Author:Goswami, Veenu
Position:Book review

Divergent opinions about criminalization are a pervasive feature of modern political and scholarly discourse. Spirited debates about drug crimes, sex work, and mass incarceration are just a few examples of the many situations in which legislators and academics have to grapple with difficult questions regarding the proper scope of the criminal law. These discussions typically revolve around moral disagreements about certain types of behaviour, normative disputes over the purposes of criminal punishment, and/or political arguments regarding the proper role of the state vis-a-vis its citizens. (1)

In Making The Modern Criminal Law: Criminalization and Civil Order, Lindsay Farmer attempts to spark a different sort of conversation, so as to reorient the criminalization debate towards an institutional analysis of criminal law. According to Farmer, the question of what should and should not be criminalized cannot be answered without appreciating the aims and purposes of criminal law as a distinct social institution. As part of this endeavour, she advocates for a historical perspective that--according to her--is increasingly necessary in a field that is "turning inwards" and is overly dominated by moral and political philosophy. (2) Farmer unpacks and rationalizes our current understanding of the scope of the criminal law by detailing the history of criminalization and examining the institutional conditions responsible for criminalization's emergence as a prominent topic in contemporary criminal law scholarship. In doing so, she provides a coherent model for understanding the present state of the criminal law, offers valuable insight into the history of criminalization, and lays out a persuasive normative theory for framing future discussions on the topic.


Farmer's book is divided into three parts. The first section addresses her institutional theory of criminal law. Farmer begins this discussion by critiquing existing theories of criminalization. She canvasses a range of contemporary scholarship and categorizes them into two strands of thought: theories that focus on "questions of harm and harm reduction or prevention" and theories that are centred around "questions of wrongdoing and retribution". (3)

Farmer argues that both theories suffer from similar flaws. First, they tend to define the scope of the criminal law in terms of "some combination of the rights and interests which are to be protected and the identification of harms or wrongs... to those rights and interests". (4) Since these rights and interests are defined independently of the law, criminal law comes to be seen as a means of protecting private rights. (5) As a result of this normative starting point, these theories generally struggle to provide justifications for protecting collective interests. (6) Second, Farmer argues that most contemporary theories, including the two above, pay insufficient attention to the distinctive character and aims of the criminal law. (7) By focusing too narrowly on notions of harm, deterrence, and/or retribution, these theories fail to specify why the criminal law in particular ought be employed in response to any given conduct. (8)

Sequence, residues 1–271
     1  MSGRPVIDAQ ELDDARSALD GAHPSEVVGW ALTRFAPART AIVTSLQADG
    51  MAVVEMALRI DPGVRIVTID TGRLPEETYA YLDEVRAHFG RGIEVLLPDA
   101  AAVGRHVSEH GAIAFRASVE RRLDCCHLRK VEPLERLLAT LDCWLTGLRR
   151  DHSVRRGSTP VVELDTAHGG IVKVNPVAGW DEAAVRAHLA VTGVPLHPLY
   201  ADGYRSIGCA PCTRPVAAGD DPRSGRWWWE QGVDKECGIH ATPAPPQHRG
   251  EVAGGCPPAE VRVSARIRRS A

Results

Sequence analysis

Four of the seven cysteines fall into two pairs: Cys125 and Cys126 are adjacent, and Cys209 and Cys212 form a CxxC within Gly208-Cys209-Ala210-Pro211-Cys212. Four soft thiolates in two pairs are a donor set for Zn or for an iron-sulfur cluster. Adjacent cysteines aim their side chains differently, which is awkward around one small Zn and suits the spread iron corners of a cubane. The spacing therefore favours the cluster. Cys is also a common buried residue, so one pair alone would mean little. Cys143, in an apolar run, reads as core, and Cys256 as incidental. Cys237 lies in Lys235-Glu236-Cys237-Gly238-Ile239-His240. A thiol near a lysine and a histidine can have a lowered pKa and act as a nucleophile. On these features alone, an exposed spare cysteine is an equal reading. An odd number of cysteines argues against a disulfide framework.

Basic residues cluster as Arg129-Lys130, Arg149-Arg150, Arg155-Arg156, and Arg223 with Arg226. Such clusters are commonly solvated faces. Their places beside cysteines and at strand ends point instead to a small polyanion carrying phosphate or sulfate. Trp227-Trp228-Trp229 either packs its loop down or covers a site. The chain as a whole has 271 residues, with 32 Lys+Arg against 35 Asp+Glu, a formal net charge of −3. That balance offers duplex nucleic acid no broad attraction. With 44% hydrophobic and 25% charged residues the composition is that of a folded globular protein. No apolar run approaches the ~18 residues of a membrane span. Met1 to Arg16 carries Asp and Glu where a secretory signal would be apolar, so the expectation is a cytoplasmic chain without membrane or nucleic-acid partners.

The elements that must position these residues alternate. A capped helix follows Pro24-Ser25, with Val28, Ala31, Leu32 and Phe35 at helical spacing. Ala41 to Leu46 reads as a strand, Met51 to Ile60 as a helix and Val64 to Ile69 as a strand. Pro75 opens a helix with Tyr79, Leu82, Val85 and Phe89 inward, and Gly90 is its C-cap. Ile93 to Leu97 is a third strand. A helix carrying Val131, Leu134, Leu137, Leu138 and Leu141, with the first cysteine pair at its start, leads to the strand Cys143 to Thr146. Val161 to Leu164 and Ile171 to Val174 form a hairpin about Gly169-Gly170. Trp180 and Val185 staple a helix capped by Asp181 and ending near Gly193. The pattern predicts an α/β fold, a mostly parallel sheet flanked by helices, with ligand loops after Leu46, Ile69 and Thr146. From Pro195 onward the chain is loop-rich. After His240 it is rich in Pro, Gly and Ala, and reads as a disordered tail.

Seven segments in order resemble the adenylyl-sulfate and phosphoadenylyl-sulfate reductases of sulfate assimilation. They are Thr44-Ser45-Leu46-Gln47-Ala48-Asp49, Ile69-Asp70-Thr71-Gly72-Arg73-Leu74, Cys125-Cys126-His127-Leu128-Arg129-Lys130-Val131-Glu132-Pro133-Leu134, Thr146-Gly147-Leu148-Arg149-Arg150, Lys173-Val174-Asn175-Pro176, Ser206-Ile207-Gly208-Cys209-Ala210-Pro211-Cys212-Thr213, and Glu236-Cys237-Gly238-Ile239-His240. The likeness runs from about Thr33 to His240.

Farmer attempts to avoid these shortcomings by articulating a purposive, institutional conceptualization of the criminal law. She adopts and adapts Neil MacCormick's theory of institutionalization in order to argue that a proper understanding of criminalization requires knowledge of the values and ends to which the criminal law is oriented. (9) According to Farmer, being "criminal" is neither a quality of conduct nor of activity itself. (10) Rather, in order to label something as "criminal", one must make reference to the aims of the criminal law as a distinct social institution," and to the norms that become institutionalized over time in "particular forms, agencies and rules of law". (12) Furthermore, Farmer argues that abstract moral values are not the source or foundation of the criminal law, and therefore cannot be a useful compass in determining its scope. Instead, the criminal law should be based upon certain "irreducible features of law as a mode of governance" (for example, the rule of law, or legality) and upon an underlying purpose of securing civil order. (13)

Farmer expands on the link between the criminal law and civil order in Chapter Two, contending that the principal aim of the criminal law is to secure civil order. The securing of civil order involves more than enabling a transition from war to peace--it also requires maintaining a particular type of order, one in which institutions (as opposed to informal social understandings and norms) play a central role in its sustenance. (14) On this view, the development of the criminal law is one way in which "the state realigns all other forms of authority within its jurisdiction, changing the conditions under which, and the mechanisms through which, trust and social order can be secured." (15)

Additionally, Farmer identifies a link between the criminal law and broader government projects of establishing "civilization" (a society that is organized according to certain 'civilized' standards) and "civility" (that which engenders modes of conduct that help maintain stability and co-operation). (16) As part of this argument, Farmer rejects the theory that the criminal law is a means by which the state co-opts and monopolizes...

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